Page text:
Since founding his firm 24 years ago, Foster has reached out in collaborative efforts to serve others in need around the world, seeking out “the least of our neighbors” as Jesus taught, explaining that the firm has received much more than they have given.
“I see design as an opportunity to shape the environment, the relationships and the behaviors of people in the environment and had a passion for that,” he said. “Early in my career when we didn’t have the financial resources to write checks. My mother always taught us you can contribute with your wealth, wisdom or work. Some would say time, treasure and talent. So we didn’t have any wealth or treasure, so we’d have to use work and talent. There were any number of projects at different times that I would enjoy and be able to make a contribution through design and producing design solutions to help different organizations that were helping others.”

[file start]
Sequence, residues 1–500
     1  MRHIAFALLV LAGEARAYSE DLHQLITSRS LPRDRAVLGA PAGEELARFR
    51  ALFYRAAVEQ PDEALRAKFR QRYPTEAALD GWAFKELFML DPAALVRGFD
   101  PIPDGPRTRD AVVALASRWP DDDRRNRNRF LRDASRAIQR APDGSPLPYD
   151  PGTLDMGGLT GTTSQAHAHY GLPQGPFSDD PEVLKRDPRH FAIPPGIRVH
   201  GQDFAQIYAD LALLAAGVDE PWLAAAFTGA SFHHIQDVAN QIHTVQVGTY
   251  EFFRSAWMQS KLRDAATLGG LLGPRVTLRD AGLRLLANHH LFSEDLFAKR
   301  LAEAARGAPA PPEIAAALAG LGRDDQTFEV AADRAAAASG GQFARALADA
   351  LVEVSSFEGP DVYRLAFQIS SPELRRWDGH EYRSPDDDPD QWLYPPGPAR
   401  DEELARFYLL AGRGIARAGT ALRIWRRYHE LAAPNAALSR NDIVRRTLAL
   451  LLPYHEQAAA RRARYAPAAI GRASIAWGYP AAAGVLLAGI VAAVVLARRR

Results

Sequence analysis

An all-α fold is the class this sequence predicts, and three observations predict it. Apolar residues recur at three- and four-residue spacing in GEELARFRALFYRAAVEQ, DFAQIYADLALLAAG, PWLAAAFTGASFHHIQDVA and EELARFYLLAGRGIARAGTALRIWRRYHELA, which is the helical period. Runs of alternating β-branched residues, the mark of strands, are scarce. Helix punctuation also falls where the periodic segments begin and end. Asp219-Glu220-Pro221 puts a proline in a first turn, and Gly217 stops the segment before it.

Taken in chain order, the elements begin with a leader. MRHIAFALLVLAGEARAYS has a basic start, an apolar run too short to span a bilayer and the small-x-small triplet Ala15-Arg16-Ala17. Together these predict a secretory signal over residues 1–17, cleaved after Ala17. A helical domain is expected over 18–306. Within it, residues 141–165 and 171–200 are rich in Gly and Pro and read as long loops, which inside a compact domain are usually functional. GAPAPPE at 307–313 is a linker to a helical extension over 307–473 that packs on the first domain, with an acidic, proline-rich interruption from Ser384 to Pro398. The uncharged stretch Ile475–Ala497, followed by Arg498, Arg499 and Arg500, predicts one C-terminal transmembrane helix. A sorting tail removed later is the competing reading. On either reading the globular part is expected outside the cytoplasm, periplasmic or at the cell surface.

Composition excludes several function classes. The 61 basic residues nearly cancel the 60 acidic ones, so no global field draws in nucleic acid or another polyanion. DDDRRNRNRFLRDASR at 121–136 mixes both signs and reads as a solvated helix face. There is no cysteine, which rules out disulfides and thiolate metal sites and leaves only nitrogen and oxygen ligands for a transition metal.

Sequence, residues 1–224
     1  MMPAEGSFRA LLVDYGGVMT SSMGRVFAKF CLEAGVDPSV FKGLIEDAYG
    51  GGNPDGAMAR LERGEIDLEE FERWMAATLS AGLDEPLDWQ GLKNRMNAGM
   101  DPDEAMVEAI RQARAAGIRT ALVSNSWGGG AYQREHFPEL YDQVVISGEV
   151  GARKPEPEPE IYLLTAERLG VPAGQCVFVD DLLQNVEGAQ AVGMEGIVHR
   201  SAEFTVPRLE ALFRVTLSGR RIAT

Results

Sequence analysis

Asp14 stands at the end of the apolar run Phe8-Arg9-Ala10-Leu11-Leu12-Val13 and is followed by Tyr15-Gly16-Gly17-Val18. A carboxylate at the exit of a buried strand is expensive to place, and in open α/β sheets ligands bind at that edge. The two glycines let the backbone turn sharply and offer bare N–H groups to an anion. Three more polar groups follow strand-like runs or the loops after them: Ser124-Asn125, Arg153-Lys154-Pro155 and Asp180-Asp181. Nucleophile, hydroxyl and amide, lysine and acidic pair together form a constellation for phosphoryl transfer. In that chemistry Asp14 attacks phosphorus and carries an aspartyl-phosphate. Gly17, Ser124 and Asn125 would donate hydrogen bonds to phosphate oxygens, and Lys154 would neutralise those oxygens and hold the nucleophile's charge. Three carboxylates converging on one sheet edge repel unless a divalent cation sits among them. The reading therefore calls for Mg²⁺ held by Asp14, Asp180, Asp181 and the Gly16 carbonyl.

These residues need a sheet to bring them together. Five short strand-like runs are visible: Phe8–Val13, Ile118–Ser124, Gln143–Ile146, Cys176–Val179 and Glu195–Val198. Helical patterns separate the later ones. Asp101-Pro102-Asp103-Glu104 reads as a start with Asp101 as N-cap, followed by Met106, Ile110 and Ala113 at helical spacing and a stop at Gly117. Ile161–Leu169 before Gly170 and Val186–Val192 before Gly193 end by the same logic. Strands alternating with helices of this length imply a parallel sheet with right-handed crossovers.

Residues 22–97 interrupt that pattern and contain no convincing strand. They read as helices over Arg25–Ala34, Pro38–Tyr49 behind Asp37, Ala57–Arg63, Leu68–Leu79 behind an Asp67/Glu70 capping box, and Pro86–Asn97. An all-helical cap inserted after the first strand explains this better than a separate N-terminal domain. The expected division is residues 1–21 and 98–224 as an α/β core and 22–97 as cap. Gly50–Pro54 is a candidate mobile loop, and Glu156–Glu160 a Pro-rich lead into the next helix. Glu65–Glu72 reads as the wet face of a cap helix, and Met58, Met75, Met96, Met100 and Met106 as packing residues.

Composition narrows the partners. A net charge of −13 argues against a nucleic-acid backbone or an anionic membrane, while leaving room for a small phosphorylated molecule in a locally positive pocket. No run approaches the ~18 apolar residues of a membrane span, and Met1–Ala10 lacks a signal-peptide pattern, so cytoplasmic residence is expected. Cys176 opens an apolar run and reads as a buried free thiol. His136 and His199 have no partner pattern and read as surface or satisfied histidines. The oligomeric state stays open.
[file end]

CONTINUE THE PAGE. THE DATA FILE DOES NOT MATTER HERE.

The firm’s most recent pro bono work includes designing and building a Tibetan Resettlement Community for Tibetan refugees that fled China because of religious persecution. The firm designed an orphanage and school for the victims of terrorism in Peru, as well as an education center for the Lost Boys of Sudan.
Born and raised in Virginia Beach, Foster attributes his values to his family and his Catholic upbringing.
“I remember my grandfather, whose patron saint was St. Francis of Assisi,” said Foster, quoting the words often attributed to St. Francis: “Preach the Gospel; when necessary use words.”
Much of his childhood was spent outdoors building tree houses and forts, “a Tom Sawyer experience.” Virginia Beach’s southern end was rural and removed from organized sports at that time.
“I had wanted to be an architect since long before I could spell it,” he said. “And for a brief stint in high school, after taking a battery of tests they made you take in the 1970s, they told me I was supposed to be a doctor. Since I didn’t like blood or sharp objects, they talked me into psychology, so I studied psychology for about a year and then realized I would prefer to be an architect.”